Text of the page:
Article by: SPfreaks
Interview by geo folkers
In late 1988, early ’89, Mark Ignoffo had an opportunity to work with a young Smashing Pumpkins. Here are a few questions that Mark was kind enough to recently answer:
You had an opportunity to work with one of the greatest bands ever. How did you come to meet the Smashing Pumpkins?
Well, as with most things it was merely by chance. My family was having a garage sale and I was selling an old Farfisa organ. A young guy stopped by and saw the organ and asked if I played keys and the conversation morphed into my recording studio which was located in the basement of the house at the time. He said, “man there is an incredible guitar player you have to hear. He works down the street at this used record store.” So somewhere in the next few weeks I stopped in at the “Record Hunt” and met Billy.
What was the Smashing Pumpkins like in the early years?
At first, it was just another band that I was going to record. Most everyone that does a demo has the grand dream of being discovered. It was immediately obvious that Billy was a phenomenal guitar player, but in the music industry, talent doesn’t mean success as you can tell by listening to the radio. I wasn’t familiar with some of the bands he liked, such as Dinosaur Jr. which I think was good because I approached the recording with the perspective of not trying to “match” a sound. I remember him telling me he really liked some of the Beatles production techniques and I believe he was reading a book about it at the time. James was always a pretty quiet guy in the studio. Nice but never said too much. Jimmy was mostly there just to do the drums and didn’t usually come in for the overdubbing. D’arcy was easygoing but one Saturday morning session she made it known she was not a “morning person”. Not in a mean way, but she would have preferred to start later. It got a little tense sometimes between them but never tension towards me.
How often did you work with the Smashing Pumpkins?
I worked with them for approximately a year but I don’t recall if we started late in 1988 or early in 1989. It was in February of 1990 that I moved my studio to Florida and I remember completing the last of the recordings right before I left.
Was there something special about working with Billy Corgan? His drive or work ethic?
I can say without a doubt that he was the driving force of the band. I’m sure even he would admit maybe being a bit of a tyrant at the time but he knew what he wanted and expected everyone to do their part. They had limited funds and didn’t want time wasted in the studio with someone doing a million takes. I will tell you that I feel we had a great relationship working in the studio together. It was always professional but relaxed, especially when we were mixing. I think to this day that his amp was one of the loudest I ever recorded in the studio.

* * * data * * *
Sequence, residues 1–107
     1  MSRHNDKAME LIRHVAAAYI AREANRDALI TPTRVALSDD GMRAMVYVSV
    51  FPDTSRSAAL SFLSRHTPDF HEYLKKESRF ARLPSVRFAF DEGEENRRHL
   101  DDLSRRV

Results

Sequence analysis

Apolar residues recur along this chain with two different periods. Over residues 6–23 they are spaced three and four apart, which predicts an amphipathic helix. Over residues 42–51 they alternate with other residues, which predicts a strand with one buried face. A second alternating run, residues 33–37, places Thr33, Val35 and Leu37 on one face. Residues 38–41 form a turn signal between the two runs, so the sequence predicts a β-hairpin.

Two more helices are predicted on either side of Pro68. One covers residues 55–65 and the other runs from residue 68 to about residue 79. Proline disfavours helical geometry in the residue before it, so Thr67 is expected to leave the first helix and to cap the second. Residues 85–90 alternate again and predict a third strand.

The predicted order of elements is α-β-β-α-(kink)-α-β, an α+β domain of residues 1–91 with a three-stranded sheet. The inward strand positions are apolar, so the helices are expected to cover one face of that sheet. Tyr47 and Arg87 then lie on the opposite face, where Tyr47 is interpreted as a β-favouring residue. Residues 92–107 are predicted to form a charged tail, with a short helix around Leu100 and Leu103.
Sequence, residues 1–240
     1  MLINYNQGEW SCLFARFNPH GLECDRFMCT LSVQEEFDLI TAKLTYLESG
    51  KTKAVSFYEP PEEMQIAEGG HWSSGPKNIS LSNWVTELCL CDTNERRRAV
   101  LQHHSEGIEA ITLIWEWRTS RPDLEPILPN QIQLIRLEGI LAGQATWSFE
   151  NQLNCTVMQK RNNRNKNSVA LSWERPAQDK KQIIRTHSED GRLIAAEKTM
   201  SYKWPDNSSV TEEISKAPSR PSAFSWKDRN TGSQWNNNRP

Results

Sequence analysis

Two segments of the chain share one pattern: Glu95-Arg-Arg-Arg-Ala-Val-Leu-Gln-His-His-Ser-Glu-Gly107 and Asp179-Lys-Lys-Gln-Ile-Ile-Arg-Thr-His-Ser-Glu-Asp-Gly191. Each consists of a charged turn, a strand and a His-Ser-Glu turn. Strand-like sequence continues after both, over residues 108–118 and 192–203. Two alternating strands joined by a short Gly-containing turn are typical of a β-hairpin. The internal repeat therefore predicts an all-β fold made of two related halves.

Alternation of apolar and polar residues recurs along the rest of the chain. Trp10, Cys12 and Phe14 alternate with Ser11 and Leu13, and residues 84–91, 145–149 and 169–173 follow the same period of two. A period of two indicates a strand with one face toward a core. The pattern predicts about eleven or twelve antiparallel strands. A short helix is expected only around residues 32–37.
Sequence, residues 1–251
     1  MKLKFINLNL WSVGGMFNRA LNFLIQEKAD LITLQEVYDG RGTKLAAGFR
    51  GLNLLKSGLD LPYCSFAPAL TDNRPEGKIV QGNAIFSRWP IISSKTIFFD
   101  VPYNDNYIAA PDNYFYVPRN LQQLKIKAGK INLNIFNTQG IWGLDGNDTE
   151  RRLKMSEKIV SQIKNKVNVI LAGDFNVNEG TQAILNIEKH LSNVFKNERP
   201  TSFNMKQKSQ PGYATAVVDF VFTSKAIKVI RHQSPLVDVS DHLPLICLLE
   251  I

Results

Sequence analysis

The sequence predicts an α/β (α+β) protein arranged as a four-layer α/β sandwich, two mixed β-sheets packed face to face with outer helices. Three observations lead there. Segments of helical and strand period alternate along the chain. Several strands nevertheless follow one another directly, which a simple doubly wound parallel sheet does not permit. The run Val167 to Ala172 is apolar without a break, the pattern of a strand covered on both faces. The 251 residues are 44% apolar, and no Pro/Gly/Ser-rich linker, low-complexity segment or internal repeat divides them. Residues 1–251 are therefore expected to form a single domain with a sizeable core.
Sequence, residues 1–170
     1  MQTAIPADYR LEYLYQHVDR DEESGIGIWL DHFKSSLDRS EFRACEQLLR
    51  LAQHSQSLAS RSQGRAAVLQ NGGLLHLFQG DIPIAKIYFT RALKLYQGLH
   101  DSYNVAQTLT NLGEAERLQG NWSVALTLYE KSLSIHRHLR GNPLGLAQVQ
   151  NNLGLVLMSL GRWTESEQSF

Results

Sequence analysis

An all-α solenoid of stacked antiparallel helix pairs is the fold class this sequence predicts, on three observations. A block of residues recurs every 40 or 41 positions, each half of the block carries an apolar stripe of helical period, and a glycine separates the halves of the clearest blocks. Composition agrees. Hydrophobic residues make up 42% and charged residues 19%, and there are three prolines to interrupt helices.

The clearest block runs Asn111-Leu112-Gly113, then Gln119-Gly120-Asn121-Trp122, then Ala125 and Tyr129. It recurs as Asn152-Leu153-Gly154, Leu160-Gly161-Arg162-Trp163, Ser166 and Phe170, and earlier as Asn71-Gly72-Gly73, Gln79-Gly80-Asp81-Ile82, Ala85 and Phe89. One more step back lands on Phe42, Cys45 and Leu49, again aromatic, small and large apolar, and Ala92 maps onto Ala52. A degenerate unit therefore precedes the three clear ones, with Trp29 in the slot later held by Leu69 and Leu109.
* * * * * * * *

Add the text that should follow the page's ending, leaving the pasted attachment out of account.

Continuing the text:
You played the organ on “Rhinoceros”. How did that come about?
This was a bit of a surprise thrown at me while working on the song. He said he wanted to do an alternate version of the song with a keyboard solo. Billy knew I played keys and my background was deeply rooted in the progressive rock bands. Rick Wakeman was my favorite keyboardist at the time and still is. The first thing he said was I don’t want you to play any of that Wakeman stuff like a typical solo you would play. He said I want it to be really weird… really odd. It was done on some small synth with a very limited range and I don’t think they were even full size keys. Even though I had a Hammond B3 he wanted the synthesized organ sound. Maybe he just wanted to see me struggle to play on that little keyboard [laughs]. I think that by doing it this way he didn’t want me to think out a more structured idea. So I tried not to think musically and just play weird. After a few takes he said something like “yeah like that”. I probably had a confused look on my face [laughs]. There is also another song with heavy organ in the background but you have to really listen closely.
Are there any Smashing Pumpkins songs recorded no one has ever heard that you were involved with?
Not that I’m aware of. I think everything is out there.
I’d like to give a big thank you to Mr. Ignoffo for the time to answer a few questions. He continues to be active with music and is the Owner/President of Reel Time Duplication in Daytona Beach, Flordia.